Spring Characteristics and Force Tolerances of Gas Springs6838641

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In contrast to most other types of springs, gas spring ball stud use a integrated pretension force plus a flat spring characteristic. Which means there is certainly merely a small alteration in force between full extension and full compression.

As the piston and piston rod are pressed to the cylinder, volume reduces and pressure increases. This will cause pushing force to boost. In conventional gas-type springs, this increase is generally around 30% at full compression.


The pushing spring movement is slow and controlled. It really is dependent on the gas flow between your piston sides being permitted to go through channels inside the piston during the stroke. Conventional gas springs use 'hydraulic damping', which involves a modest amount of oil reducing the pace with the stroke immediately before the spring reaches full extension. This gives the movement a braking character by the end position provided the piston rod is incorporated in the downward direction.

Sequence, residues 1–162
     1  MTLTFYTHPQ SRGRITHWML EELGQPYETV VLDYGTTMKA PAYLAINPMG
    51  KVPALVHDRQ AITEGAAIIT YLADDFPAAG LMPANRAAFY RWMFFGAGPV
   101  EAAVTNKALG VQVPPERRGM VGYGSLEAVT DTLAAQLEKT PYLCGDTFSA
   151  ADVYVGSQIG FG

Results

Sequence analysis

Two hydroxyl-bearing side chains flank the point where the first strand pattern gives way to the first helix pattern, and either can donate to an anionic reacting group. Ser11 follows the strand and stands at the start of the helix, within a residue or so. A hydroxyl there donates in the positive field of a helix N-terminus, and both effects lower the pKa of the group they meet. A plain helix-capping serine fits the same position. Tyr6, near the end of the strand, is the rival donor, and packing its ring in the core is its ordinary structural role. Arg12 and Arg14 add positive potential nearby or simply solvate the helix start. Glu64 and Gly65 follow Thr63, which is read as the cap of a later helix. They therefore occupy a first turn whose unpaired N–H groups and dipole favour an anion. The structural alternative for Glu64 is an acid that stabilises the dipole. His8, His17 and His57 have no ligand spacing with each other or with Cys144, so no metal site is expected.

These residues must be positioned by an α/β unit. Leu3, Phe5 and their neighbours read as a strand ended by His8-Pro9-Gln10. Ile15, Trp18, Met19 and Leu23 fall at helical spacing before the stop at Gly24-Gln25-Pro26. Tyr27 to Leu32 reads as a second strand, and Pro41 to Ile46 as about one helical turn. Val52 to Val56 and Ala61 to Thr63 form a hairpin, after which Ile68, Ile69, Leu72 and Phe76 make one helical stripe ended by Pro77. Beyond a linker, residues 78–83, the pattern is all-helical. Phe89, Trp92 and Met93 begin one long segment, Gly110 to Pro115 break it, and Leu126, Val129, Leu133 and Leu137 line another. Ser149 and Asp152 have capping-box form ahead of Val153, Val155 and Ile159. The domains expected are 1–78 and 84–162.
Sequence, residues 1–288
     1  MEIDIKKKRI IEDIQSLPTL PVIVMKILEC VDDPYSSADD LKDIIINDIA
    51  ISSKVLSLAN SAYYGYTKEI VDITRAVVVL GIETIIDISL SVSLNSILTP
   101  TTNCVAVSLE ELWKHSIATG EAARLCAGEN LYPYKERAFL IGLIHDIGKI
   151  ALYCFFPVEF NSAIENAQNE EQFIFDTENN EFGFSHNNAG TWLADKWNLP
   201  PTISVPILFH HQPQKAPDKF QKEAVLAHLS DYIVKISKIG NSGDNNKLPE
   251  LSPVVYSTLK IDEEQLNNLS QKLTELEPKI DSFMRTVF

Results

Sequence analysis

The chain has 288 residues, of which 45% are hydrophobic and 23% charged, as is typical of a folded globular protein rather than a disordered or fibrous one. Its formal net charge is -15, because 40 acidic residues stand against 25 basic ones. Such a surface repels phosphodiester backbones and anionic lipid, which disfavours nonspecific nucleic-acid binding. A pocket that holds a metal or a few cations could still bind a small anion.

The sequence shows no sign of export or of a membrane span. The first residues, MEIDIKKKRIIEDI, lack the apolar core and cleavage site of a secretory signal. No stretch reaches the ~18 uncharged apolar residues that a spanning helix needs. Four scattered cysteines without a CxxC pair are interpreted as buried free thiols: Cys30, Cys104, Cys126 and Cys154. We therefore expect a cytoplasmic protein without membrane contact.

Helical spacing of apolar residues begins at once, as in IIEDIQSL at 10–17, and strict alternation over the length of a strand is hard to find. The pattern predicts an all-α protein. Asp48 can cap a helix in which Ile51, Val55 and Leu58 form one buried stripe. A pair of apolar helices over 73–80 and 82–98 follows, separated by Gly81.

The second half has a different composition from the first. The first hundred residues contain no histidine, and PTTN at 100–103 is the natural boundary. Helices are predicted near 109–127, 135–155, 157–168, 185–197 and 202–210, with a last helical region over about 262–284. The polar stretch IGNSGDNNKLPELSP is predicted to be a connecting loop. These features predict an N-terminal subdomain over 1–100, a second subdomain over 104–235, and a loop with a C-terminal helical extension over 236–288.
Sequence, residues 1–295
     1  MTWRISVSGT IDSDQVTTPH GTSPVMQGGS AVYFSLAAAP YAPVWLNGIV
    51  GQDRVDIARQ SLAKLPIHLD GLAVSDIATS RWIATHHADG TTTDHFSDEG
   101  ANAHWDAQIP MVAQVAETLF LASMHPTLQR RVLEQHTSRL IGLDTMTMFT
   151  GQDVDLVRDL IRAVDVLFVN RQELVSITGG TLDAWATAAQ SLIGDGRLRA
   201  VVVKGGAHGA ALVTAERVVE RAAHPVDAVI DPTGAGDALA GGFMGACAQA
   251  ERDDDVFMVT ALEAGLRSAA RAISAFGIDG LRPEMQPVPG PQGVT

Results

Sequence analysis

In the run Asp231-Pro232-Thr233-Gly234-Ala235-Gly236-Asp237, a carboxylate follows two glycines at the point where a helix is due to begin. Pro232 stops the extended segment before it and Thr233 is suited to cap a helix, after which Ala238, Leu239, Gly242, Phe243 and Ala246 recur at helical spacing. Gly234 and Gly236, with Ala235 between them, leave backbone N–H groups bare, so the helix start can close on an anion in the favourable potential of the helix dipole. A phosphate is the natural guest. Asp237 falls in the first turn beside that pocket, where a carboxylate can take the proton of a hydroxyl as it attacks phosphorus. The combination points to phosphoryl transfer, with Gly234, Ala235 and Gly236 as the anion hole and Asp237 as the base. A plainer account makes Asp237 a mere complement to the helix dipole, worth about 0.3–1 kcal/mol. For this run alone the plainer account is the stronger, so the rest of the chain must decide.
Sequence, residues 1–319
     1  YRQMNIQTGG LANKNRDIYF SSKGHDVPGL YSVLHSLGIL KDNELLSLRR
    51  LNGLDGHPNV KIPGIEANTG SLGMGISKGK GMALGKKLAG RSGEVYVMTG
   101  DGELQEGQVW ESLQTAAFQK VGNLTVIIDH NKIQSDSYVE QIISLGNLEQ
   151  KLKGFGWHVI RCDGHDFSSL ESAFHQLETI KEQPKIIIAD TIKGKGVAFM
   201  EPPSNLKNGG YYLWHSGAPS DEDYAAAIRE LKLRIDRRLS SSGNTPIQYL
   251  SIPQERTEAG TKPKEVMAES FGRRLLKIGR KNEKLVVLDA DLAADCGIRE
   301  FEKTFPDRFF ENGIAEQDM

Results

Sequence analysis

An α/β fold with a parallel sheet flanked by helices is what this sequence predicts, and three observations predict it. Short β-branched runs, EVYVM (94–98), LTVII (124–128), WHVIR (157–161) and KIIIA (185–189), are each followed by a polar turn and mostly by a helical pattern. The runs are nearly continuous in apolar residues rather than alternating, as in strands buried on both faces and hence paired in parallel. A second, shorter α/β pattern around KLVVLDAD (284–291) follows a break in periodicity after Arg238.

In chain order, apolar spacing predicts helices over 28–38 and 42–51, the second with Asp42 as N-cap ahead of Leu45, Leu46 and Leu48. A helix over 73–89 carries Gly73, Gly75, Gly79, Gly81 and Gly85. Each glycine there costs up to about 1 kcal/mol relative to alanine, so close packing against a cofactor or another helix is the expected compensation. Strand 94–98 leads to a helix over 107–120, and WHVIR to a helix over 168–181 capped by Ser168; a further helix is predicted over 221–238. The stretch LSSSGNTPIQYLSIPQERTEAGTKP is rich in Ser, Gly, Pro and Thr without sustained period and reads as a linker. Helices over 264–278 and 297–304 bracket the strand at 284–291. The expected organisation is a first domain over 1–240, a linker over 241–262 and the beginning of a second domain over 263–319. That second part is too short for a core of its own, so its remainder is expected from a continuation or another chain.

Force tolerances when charging with gas and other factors mean that there could be variations in the force exerted by gas springs with similar nominal value.

The nominal values apply at 20° C, which is temperature of which gas charging is carried out. Observe that in the event the ambient temperature rises or falls, the force from the spring rises or falls based on pressure changes in the cylinder. Generally of thumb, gas spring force increases by approximately 3.5% per 10° C temperature increase and reduces accordingly if the temperature falls.